Be my Valentine

Be my Valentine

 The first was Indian; the second Egyptian, the next two Pakistanis; and the 5th an Iranian. As if this was not enough to boast about, the more significant aspect of these unions was that besides initial reservations, parents of parties might have had, they accepted the couple with complete affection. There were no conversions from one faith to another as all of us were agreed that conversions are demeaning another’s beliefs. Saint Valentine’s Day celebrations were ample proof that inter-religious marriages are a healthy departure from rigid matrimonial rules of bygone a era.

As I said, the most recent addition to the family is an Iranian. She is a lady doctor, practicing in the United States. She arrived with her parents, members of her family and close friends a week before her nuptials. The six days of receptions hosted by the bridegroom’s grandmother, parents and cousins were meant to get them to know their new Sikh relations.

There was feasting, drinking and dancing and singing of Iranian and Punjabi wedding songs. There was a mehndi ceremony when all the girls had patterns of henna drawn on their palms. The next morning there was Anand Karad according to Sikh rites.
 The couple had to be put through a few rehearsals of how to conduct themselves as neither of them is Sikh. The bridegroom is my brother’s grandson whose father is a Bengali Hindu married to my niece. The bride, a Shia Muslim. They will have to go through Hindu rituals when they visit the father’s family in Kolkata and a Muslim Nikah or a civil marriage in the United States where they intend to live.

Shrinking world
All this may sound unrealistic to most of my readers who had arranged marriages and plan doing the same for their progeny. They are in for many surprises to come. The world is shrinking fast and people of different races, religions and languages are learning to live as one community. We have to shed the Khap panchayat mentality riddled with gotras, castes and religious differences, and face realities of life. When young people fall in love, they don’t give a damn for what other people may have to say: they simply get closer to each other, and if possible, get married. Love crosses all  barriers and always wins. St.Valentine’s Day is an annual reminder of Love’s supremacy.

Not many of the present generation would know very much about Hardit Singh Malik. He was the most distinguished Sikh of his time and had remarkable career as a sportsman, civil servant and diplomat. He was born into a well-to-do Sikh family of Rawalpindi in 1894. After schooling in Pindi for a few years, he proceeded to England for further studies. He was then only 14. When the First World War broke out in 1919 he volunteered for service in the French Redcross and ran an ambulance from the war front to different hospitals in France. After two years he returned to England and joined Royal Air Force, the first non-Brit with turban and beard to become a fighter pilot.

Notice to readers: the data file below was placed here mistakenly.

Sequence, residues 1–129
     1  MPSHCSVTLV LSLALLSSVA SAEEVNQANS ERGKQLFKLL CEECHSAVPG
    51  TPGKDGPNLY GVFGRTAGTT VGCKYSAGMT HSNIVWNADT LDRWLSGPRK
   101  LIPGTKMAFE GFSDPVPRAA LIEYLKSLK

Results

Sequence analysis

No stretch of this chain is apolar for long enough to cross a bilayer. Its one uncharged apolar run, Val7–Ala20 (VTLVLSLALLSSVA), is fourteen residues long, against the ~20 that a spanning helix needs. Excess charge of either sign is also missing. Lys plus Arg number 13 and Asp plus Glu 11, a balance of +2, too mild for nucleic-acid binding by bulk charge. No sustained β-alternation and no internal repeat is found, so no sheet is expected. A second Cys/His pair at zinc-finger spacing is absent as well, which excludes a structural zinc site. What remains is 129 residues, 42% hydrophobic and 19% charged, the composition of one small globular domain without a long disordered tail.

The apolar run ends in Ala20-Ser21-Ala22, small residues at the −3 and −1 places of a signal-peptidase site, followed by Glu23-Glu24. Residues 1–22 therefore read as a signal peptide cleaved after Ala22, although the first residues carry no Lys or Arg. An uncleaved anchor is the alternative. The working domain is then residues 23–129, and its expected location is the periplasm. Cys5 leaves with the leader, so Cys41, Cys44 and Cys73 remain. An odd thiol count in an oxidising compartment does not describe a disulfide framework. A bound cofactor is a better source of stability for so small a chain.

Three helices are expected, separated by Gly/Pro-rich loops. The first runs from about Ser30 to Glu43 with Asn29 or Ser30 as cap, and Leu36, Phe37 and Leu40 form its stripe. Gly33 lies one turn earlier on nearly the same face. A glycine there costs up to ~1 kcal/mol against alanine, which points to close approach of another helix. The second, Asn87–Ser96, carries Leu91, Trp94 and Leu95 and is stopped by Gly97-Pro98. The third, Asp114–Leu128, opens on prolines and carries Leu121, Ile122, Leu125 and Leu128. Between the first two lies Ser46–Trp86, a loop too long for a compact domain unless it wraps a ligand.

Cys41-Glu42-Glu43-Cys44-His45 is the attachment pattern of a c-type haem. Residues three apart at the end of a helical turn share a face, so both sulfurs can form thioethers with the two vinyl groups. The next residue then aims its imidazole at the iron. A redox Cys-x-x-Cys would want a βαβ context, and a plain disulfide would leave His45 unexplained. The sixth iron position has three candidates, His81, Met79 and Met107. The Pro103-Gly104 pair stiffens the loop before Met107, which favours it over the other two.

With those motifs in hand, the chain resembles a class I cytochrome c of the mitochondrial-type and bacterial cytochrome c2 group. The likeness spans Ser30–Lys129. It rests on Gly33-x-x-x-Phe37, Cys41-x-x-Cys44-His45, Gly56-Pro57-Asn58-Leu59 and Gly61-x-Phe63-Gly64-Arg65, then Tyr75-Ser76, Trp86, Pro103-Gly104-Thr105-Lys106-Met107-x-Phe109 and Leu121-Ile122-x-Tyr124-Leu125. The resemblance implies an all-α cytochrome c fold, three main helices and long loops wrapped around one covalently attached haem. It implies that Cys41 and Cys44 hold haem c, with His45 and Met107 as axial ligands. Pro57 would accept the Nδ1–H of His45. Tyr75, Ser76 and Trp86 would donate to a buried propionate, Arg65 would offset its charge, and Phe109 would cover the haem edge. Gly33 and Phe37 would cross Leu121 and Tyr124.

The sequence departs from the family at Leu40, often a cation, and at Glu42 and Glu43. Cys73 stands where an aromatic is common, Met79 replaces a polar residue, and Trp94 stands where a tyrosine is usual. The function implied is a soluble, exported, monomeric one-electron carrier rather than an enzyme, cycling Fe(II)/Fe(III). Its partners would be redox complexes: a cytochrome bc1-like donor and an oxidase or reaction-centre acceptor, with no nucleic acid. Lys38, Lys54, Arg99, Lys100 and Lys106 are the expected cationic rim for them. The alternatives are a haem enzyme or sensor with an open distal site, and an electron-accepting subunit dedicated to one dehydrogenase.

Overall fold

He took part in dog-fights with German War planes over Germany and France. His plane riddled with hundreds of bullets of which two pierced his legs crash-landed in France and while doing so broke his nost. After canvalescing for many months in England hospitals he was back in the battle field. When the war ended, he joined Balliol College Oxford. He played cricket and golf for the university. As soon as he finished college he was selected for the Indian Civil Service and posted to his home state. He returned home to India after 11 years abroad. He married the younger sister of his elder brother’s wife. Both girls came from a Hindu Arya Samaj family. Both turned devout Sikhs. In their homes the days began and ended with recitations from the Granth Sahib.

Malik served in many districts of Punjab before he was appointed Prime Minister of Patiala. He stayed in the post for three years till it was merged in Punjab in 1947. Pandit Nehru appointed him India’s first High Commissioner in Canada. He stayed in Ottawa for three years before taking over as Ambassador of India in France. After a life-time in service in India and abroad, he retired to his newly built home in New Delhi.

Passion for golf
Malik- had a passion for golf. He was seen at the Delhi Golf Club every afternoon till almost the end of his life. He  once expressed the will to die on the golf course. That was not to be. He had a massive heart attack in 1984. He recovered to resume playing golf. It did not last very long. A second attack in October 1985 proved fatal.
Malik had no intention of writing his autobiography. He was persuaded by his wife and children to do so. It lay untouched for many years till his daughter Harjis Malik took it upon herself to edit it and have it published. A Little Work, A Little Play: The autobiography of H S Malik (book wise) is now available in the market. It has an introduction by Pearson who he befriended in Oxford who later became prime minister of Canada. It will be a source of inspiration to the present generation specially to young Sardars who will learn how a person can be both devoutly religious and yet gain worldly success.

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